Addressing the Rise of Irregular Employment in Hospitality: Key Insights and Solutions
Food delivery couriers from Bolt and Wolt facing irregular employment challenges in the hospitality sector.

Reacting to Irregular Employment in the Hospitality Sector: A Growing Concern 🚨🍽️

The Alarming Statistics 📊

The latest data reveals a troubling trend in the hospitality sector: a significant portion of businesses employing workers irregularly are from this industry. According to figures from the Ministry of Home Affairs, 25% of all irregular employers last year were involved in accommodation and food services. This statistic underscores a growing issue that requires urgent attention.

Breakdown of Irregular Employers 🏢

In 2023, 1,695 employers were found to have irregularly employed workers from outside the European Union, known as third-country nationals (TCNs). Of these, 436 were in the hospitality sector, highlighting it as the most affected industry. Following hospitality, the sectors with the highest number of irregular employers were:

  1. Wholesale and Retail Trade, Including Repair of Vehicles and Motorcycles: 267 employers
  2. Administration: 179 employers
  3. Construction: 168 employers

These numbers indicate a widespread problem across various sectors, but hospitality remains the most significant offender.

Year-on-Year Increase in Irregular Employment 📈

The trend of irregular employment has been increasing year-on-year. In 2021, 1,060 employers were caught engaging in this practice. This number surged by 36% in 2022 to 1,446 employers. The growth rate slowed slightly in 2023, with a 17% increase to 1,695 employers. Despite the slowing pace, the upward trend is clear and concerning.

Government Response and Enforcement 🛡️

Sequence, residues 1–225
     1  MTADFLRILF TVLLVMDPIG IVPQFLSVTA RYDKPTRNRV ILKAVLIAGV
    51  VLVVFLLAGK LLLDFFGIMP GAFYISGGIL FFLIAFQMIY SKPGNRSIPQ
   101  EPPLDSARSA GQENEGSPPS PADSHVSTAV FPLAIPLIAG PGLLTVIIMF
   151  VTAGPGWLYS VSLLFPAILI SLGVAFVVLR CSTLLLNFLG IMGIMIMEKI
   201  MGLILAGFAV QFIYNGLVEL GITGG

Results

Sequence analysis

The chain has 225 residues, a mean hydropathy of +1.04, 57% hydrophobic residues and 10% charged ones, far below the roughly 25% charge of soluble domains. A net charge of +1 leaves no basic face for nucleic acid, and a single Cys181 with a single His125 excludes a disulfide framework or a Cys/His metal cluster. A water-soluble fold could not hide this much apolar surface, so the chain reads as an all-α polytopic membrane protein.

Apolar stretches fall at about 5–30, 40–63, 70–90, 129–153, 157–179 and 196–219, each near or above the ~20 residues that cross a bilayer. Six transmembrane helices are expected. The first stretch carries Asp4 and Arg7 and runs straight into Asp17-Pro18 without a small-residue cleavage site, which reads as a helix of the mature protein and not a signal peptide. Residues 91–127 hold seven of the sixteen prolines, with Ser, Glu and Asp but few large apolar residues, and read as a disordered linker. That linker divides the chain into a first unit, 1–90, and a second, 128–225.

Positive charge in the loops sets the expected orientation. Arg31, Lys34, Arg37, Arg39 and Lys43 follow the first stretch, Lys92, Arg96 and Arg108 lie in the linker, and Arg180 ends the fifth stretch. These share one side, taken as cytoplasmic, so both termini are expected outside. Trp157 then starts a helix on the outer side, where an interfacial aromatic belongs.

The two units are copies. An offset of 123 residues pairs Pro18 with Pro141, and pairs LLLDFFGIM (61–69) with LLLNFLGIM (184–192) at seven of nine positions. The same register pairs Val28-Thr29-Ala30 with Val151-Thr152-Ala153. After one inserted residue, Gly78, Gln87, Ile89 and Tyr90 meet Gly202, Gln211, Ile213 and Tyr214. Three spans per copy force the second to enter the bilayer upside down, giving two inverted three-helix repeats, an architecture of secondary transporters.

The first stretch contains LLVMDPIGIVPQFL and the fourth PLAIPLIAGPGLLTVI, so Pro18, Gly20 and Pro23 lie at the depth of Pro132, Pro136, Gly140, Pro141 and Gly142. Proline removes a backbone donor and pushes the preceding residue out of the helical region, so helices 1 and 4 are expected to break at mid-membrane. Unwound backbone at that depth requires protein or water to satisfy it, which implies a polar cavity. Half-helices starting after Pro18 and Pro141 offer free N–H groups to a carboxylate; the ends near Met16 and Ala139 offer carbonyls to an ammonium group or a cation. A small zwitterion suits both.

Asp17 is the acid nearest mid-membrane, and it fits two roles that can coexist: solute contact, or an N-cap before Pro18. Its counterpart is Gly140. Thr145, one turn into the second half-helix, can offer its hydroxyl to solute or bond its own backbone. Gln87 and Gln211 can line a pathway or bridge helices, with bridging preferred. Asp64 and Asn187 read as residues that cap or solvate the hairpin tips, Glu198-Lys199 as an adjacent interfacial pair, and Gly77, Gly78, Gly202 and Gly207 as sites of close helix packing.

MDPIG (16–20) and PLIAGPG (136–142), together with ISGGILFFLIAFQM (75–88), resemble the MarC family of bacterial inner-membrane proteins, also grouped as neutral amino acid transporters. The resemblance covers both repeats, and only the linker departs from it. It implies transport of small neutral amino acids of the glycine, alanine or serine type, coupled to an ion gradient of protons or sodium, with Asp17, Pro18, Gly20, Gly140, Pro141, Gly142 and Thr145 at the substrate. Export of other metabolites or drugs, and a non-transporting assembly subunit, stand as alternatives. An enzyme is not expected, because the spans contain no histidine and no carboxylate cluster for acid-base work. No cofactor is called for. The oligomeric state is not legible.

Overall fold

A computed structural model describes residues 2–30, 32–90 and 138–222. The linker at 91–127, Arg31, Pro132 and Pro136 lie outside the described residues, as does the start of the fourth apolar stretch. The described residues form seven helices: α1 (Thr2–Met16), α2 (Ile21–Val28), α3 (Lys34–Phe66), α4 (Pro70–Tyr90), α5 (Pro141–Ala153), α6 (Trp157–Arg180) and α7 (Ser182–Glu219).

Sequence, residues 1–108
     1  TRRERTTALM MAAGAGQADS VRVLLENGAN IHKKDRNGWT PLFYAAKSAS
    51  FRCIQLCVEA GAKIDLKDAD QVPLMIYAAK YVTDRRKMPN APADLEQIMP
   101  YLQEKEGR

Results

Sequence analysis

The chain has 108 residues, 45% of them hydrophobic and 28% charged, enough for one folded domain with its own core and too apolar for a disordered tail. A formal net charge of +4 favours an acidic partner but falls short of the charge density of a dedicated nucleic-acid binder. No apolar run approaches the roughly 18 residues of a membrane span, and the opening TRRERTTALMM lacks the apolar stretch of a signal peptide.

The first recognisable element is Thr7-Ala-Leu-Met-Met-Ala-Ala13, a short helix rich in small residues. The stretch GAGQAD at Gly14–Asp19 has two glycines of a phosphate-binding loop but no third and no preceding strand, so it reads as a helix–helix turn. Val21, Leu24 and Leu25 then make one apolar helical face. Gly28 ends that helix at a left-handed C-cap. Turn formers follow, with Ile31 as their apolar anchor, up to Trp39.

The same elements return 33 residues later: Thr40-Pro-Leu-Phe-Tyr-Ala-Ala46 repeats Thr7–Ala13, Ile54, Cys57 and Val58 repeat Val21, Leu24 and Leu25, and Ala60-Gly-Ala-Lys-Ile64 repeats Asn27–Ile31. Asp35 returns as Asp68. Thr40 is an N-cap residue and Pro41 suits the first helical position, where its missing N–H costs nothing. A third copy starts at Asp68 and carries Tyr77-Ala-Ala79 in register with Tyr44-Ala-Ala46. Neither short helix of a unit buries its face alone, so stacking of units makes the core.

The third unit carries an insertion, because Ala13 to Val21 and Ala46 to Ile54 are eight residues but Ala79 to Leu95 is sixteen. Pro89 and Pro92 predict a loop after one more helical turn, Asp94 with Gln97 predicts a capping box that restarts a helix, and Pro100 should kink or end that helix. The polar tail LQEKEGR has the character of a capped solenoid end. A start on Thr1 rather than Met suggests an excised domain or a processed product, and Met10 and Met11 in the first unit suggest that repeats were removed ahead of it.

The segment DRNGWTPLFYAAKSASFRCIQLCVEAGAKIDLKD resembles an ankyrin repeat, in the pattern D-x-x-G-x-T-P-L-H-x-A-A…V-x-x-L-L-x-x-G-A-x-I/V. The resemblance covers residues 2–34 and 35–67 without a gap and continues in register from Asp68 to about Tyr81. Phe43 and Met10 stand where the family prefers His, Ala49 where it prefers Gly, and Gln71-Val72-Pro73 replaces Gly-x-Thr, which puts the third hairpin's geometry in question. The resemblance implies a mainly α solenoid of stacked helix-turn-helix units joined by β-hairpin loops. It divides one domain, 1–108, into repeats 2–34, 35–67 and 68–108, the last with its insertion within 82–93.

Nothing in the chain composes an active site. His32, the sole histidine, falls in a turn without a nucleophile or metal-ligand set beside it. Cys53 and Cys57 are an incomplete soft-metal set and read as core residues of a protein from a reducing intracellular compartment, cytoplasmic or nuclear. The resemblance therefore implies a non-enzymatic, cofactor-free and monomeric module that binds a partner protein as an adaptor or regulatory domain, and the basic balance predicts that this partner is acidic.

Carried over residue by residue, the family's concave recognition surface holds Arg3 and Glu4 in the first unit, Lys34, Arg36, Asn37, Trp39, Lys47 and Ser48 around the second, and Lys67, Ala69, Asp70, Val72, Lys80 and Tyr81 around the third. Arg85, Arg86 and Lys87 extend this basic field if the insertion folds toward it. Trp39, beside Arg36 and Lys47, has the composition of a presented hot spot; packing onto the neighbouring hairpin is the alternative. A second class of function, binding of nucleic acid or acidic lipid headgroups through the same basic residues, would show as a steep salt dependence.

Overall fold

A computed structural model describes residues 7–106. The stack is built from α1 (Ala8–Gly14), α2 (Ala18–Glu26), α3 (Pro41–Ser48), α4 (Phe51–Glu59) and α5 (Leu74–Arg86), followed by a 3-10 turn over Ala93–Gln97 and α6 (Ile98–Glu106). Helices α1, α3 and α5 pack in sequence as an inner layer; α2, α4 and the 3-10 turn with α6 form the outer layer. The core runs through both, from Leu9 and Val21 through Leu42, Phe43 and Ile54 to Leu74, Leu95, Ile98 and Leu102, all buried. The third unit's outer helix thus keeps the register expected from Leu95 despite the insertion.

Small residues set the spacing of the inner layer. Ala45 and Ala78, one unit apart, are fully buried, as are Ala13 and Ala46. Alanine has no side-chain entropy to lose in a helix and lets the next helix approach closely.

The Home Affairs Ministry has taken steps to address this issue. Almost 90% of businesses caught employing TCNs irregularly have regularized their positions. However, the remaining 12% were either fined or referred to court. Specifically:

  • 29% of offending employers were referred to court for serious violations, such as employing workers without an employment record and work permit.
  • Employers with workers who had no employment record but a valid permit with the same employer were issued fines.

The country’s employment agency, Jobsplus, plays a crucial role in enforcement. It conducts regular inspections and administrative checks to ensure compliance with local labor market regulations.

The Human Impact: Workers’ Rights and Conditions 🤝

The issue of irregular employment extends beyond statistics and enforcement; it significantly impacts the lives of the workers involved. Hospitality workers, particularly food couriers, have been vulnerable to irregular employment and poor working conditions for some time. A study by the Department for Industrial and Employment Relations (DIER) highlighted that these workers often do not get enough rest, which raises concerns about their overall well-being.

A Call for Comprehensive Solutions 📣

Addressing irregular employment in the hospitality sector requires a multifaceted approach:

  1. Stricter Enforcement: Enhanced monitoring and stricter penalties for non-compliance can deter businesses from employing workers irregularly.
  2. Worker Protection: Ensuring that workers, especially those in vulnerable positions, are aware of their rights and have access to support if they are employed irregularly.
  3. Employer Education: Educating employers about the legal requirements and the benefits of regular employment practices.
  4. International Cooperation: Collaboration with countries of origin to ensure that TCNs are aware of the legal employment pathways available.

Lastly: A Call to Action 🔍

The rise in irregular employment within the hospitality sector is a serious issue that affects both the integrity of the labor market and the well-being of workers. While government efforts to regularize these situations are commendable, more needs to be done to prevent such practices from occurring in the first place. By focusing on stricter enforcement, worker protection, and employer education, we can create a fairer and more just labor market for everyone.